In the seven years I’ve worked with breastfeeding moms (as a volunteer counselor and lactation consultant), it has never ceased to amaze me the mixed messages mothers get when it comes to the safety of breastfeeding during pregnancy. Some mothers are told point-blank by their doctors that breastfeeding during pregnancy is categorically unsafe and ill-advised in all circumstances. Others are given less heavy-handed advice, but are told in more than one way that weaning is necessary as soon as possible. Still others are told it is perfectly safe, and not to worry one bit.
Ummm…could that be any more confusing, or what?
Now, on the one hand, continuing to breastfeed while pregnant is a very personal decision. If a mom becomes pregnant while still nursing her babe, she may take it as a sign to be done. For some, the hormones of pregnancy make nursing uncomfortable, especially when they feel sick as dogs or exhausted to the bone. Lots of babies and toddlers get fussier at the breast, too, and some (but not all) moms experience a drop in milk supply as a result of the hormones of pregnancy. If, for any reason, a mom wants to end the nursing relationship, she doesn’t owe anyone an explanation for doing so.
But lots of mothers decide to plow through and keep up the nursing relationship with their baby or toddler while pregnant. They are not ready to wean, and the relationship still works for them (and their child). Plus, nursing during pregnancy can actually give moms a needed break — a good excuse to curl up on the couch with their little one and rest. And breast milk doesn’t lose its nutritional value during pregnancy, even if the milk volume might decrease.
Of course, all moms want to be safe, and no one wants to unnecessarily compromise the safety of their pregnancy or unborn child. But what’s a mom to do if she’s getting completely contradictory signals from health professionals, friends and family, and even from other breastfeeding moms?
In my role as a breastfeeding support person, I can never give moms medical advice; instead, I can point them to evidence-based resources that provide up-to-date information on any given breastfeeding issue. And I will tell you this: There is a substantial body of research that says that breastfeeding is rarely a contradiction for healthy pregnant women.
Let’s start with the breastfeeding position paper from the Academy of American Family Physicians (AAFP). This paper states in pretty uncertain terms that for healthy moms, there is no reason to wean during pregnancy. “If the pregnancy is normal and the mother is healthy, breastfeeding during pregnancy is the woman’s personal decision,” writes the AAFP. They go on to say that breastfeeding beyond infancy has health benefits for toddlers, and so they encourage mothers to continue breastfeeding during pregnancy: “If the child is younger than two years, the child is at increased risk of illness if weaned.”
The Academy of American Pediatrics (AAP) released a similar statement, explicitly stating the safety of breastfeeding during pregnancy, but emphasizing that mothers who have a history of miscarriage or premature birth should stay in touch with their doctors if they have any unusual uterine contractions.
The reason that health professionals are concerned about miscarriage or premature birth is because it is known that nipple stimulation can cause contractions (you might have heard this as a technique to induce labor when you are overdue!). So the questions then becomes: Is there evidence that breastfeeding during pregnancy increases a mother’s chance of miscarriage or preterm labor?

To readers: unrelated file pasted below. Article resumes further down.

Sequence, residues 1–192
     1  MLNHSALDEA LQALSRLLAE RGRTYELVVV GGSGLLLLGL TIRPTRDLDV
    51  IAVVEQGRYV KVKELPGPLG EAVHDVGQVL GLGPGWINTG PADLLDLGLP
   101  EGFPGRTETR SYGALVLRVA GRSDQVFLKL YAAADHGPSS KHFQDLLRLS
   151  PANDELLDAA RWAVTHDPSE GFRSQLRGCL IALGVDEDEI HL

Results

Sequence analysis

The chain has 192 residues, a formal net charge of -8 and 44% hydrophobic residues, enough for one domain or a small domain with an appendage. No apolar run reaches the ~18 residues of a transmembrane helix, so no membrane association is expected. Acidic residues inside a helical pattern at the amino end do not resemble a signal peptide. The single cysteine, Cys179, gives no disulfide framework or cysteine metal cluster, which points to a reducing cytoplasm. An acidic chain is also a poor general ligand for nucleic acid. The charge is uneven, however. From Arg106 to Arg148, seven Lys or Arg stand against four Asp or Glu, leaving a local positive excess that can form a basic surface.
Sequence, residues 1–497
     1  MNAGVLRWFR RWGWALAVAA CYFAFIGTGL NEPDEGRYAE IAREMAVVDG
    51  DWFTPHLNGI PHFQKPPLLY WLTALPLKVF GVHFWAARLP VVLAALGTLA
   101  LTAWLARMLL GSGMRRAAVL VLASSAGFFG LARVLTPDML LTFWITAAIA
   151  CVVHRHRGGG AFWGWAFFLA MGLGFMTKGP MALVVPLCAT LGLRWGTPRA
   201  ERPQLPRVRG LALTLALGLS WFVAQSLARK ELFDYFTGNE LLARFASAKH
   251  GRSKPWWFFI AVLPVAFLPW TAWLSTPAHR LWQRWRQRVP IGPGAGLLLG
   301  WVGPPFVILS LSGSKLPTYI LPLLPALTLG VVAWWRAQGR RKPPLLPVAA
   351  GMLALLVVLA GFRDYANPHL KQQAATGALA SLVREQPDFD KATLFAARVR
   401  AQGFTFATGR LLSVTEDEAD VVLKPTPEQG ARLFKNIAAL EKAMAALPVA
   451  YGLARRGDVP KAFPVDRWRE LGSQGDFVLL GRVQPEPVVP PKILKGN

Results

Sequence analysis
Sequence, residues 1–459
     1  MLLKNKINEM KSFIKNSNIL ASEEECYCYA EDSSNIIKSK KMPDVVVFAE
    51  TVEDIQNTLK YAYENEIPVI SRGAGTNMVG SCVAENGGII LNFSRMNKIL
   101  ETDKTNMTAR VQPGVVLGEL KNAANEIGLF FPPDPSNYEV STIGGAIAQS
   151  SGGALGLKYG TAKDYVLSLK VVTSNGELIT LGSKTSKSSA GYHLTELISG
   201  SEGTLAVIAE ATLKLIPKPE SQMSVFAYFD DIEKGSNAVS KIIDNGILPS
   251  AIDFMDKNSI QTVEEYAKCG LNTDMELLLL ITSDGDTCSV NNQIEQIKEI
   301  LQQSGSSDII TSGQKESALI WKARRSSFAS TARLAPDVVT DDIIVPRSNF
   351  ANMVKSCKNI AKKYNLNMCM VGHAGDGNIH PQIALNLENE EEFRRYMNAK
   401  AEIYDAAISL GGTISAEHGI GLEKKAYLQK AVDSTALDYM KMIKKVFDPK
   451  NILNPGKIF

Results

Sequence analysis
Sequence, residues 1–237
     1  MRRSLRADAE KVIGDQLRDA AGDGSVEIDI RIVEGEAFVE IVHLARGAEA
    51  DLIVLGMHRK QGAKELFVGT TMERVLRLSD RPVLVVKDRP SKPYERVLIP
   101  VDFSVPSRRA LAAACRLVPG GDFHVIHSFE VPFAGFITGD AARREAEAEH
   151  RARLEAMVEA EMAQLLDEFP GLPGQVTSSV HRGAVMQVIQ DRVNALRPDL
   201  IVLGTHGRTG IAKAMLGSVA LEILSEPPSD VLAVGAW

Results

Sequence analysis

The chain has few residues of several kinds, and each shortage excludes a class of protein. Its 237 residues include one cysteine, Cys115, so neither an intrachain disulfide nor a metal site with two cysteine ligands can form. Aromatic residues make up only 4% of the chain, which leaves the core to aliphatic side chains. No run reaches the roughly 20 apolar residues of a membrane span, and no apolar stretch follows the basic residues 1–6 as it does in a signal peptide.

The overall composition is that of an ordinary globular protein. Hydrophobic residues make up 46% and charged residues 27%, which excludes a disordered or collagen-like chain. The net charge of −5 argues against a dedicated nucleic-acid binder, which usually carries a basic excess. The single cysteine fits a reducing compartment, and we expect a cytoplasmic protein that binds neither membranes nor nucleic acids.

La Leche League International recently published a summary of the research, and what they found is that there was no clear evidence that breastfeeding causes this to happen.
Take this 2012 study published in the Journal of Nursing Research, and cited in the La Leche League article. The study looked at the possibility that moms who breastfed during pregnancy were more likely to go into preterm labor. They compared two groups of women — a group who breastfed for 30 days or more during pregnancy and a group who did not. The research found no significant differences in terms of premature births or healthy birth weights between the two groups.
The article also cites a 2009 study from the Journal of Obstetrics and Gynecology Research which looked at the risk of miscarriage for women who breastfed during pregnancy. The researchers compared a group of mothers who breastfed during pregnancy to a group who did not. Of the mothers who continued to breastfeed during pregnancy, 7.3% had miscarriages. A similar (but slightly higher) miscarriage rate of 8.4% was found in the non-breastfeeding women. The authors of the study state that there were no statistically significant differences between the two, coming to the conclusion that breastfeeding during pregnancy did not increase the risk of miscarriage.
The La Leche League article cites other studies and interviews experts on the subject. All come to the conclusion that breastfeeding during pregnancy is safe.
So what‘s a mother to do if she continues to be given different information on the subject despite her research? Well, in that case I’d give her the advice I give to all breastfeeding moms (and moms in general): Go with your instincts.
If breastfeeding during pregnancy is something you really want to do, it might be time to find a health professional who supports your decision. It might also be time to find more supportive friends — or just tell the naysayers to politely STFU.
The point is, this is your body, your pregnancy, and your children. You need to get some good info, get some good support, and then figure out what going to work for you. And if breastfeeding during pregnancy is where it’s at for you, go for it, you badass multitasking mama!
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